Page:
Briefly Shopping: The Bayou Brief’s Badass Gifts and Rare Collectibles

We are thrilled to announce the launch of our merchandise page, Briefly Shopping, which will continually carry our personalized line of laptop stickers, magnets (coming soon), and koozies (coming soon).

When you purchase something from our merch site, you’re also automatically making a donation, and over time, as we grow, we will add new products.

We are doing something different too: We’re also featuring an ever-changing rotation of rare, Louisiana collectibles and memorabilia, and we’re always on the lookout for those who have something one-of-its-kind they’d be willing to donate for our online store.

Right now, for example, in addition to purchasing our stickers, you can also buy the complete collection of Seymore D. Fair lapel pins from the 1984 World’s Fair ($600, $100/pin), an original movie poster of “The War Room” signed and personalized by the Ragin Cajun ($1000), and first edition copies of both of Huey P. Long’s books, “My First Days in the White House” and “Every Man a King,” which will be framed in a shadowbox of your choosing ($1750).

Visit the new storefront here

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Lamar White, Jr.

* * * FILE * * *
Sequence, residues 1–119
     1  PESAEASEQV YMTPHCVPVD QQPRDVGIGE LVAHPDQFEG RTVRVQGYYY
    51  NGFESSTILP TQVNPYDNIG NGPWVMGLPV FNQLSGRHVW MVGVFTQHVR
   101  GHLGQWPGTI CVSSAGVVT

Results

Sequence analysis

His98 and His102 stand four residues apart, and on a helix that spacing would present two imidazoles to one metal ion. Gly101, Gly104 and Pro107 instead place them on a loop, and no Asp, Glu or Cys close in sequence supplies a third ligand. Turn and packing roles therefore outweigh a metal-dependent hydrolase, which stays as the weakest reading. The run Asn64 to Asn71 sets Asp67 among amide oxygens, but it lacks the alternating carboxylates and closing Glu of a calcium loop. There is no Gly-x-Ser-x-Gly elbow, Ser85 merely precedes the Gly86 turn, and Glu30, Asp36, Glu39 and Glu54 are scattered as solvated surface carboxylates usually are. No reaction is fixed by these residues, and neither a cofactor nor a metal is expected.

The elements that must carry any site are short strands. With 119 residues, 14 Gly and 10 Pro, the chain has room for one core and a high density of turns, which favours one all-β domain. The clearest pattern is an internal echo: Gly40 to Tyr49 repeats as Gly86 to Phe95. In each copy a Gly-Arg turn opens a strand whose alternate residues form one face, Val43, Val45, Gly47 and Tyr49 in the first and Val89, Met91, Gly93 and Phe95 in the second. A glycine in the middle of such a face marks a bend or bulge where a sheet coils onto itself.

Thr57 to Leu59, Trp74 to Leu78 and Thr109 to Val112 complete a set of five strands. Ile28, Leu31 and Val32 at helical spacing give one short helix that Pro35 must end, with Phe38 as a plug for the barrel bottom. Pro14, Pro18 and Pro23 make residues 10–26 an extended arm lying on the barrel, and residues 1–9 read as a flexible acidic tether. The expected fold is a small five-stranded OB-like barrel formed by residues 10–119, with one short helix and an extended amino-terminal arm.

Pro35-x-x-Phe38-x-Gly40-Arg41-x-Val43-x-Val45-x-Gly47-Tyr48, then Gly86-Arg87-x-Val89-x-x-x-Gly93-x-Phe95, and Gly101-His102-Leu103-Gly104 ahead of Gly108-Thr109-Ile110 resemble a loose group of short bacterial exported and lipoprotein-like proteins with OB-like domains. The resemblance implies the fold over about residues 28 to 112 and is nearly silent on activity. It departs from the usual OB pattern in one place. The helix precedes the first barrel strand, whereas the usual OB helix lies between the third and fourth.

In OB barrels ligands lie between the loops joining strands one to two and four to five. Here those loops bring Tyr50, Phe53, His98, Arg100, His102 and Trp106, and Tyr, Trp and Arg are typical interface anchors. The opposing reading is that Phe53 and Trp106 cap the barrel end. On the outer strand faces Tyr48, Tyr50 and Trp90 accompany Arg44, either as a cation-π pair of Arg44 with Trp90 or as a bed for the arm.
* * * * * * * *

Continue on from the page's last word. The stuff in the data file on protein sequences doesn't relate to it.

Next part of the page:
Lamar White, Jr. is an award-winning writer and the publisher and founder of the Bayou Brief, Louisiana’s only statewide news and culture publication. Born and raised on the banks of the Red River in Alexandria, he is a proud product of the Louisiana public education system and a graduate of Rice University in Houston and SMU’s Dedman School of Law in Dallas. Lamar has been writing about politics and public policy in Louisiana for twenty years, beginning as a weekly youth columnist for his hometown paper, the Town Talk. After earning his undergraduate degree in English and Religious Studies, Lamar moved back to Alexandria, where he launched a popular blogsite, CenLamar, and worked for five years as the Special Assistant to the Mayor. He exposed significant problems with Louisiana’s school voucher program, which resulted in a series of other investigations and ultimately in the removal of several schools from the program. He was the last person to argue online with Andrew Breitbart. He investigated and then broke the report that U.S. Rep. Steve Scalise had once attended a white supremacist conference. He was the first to share a photograph of Bobby Jindal’s portrait in the state Capitol. He exposed U.S. Sen. Bill Cassidy’s incomplete timesheets while the then-representative moonlighted as a physician. He earned headlines in Texas after the gubernatorial campaign of Greg Abbott falsely claimed he had been exploited as a “campaign prop” by Abbott’s opponent, Wendy Davis, and after exposing U.S. Sen. Ted Cruz’s campaign for relying on online “bot farms” to counter Beto O’Rourke, and he earned headlines in Mississippi after publishing videos of U.S. Sen. Cindy Hyde-Smith making bizarre comments about public hangings and voter suppression tactics which were both perceived as racist. Lamar was the recipient of the 2011 Ashley Morris Award, given to the writer who best exemplifies the spirit of New Orleans, and in 2019, he was honored as one of Gambit’s Top 40 Under 40 and as the year’s Outstanding Millennial in Journalism at the annual Millennial Awards. He has been the subject of profiles in the Washington Post, the Huffington Post, Above the Law, and the Advocate and has appeared multiple times as a guest on CNN and MSNBC. Lamar currently lives in New Orleans with his two golden retrievers, Lucy Ana and Ruby Dog.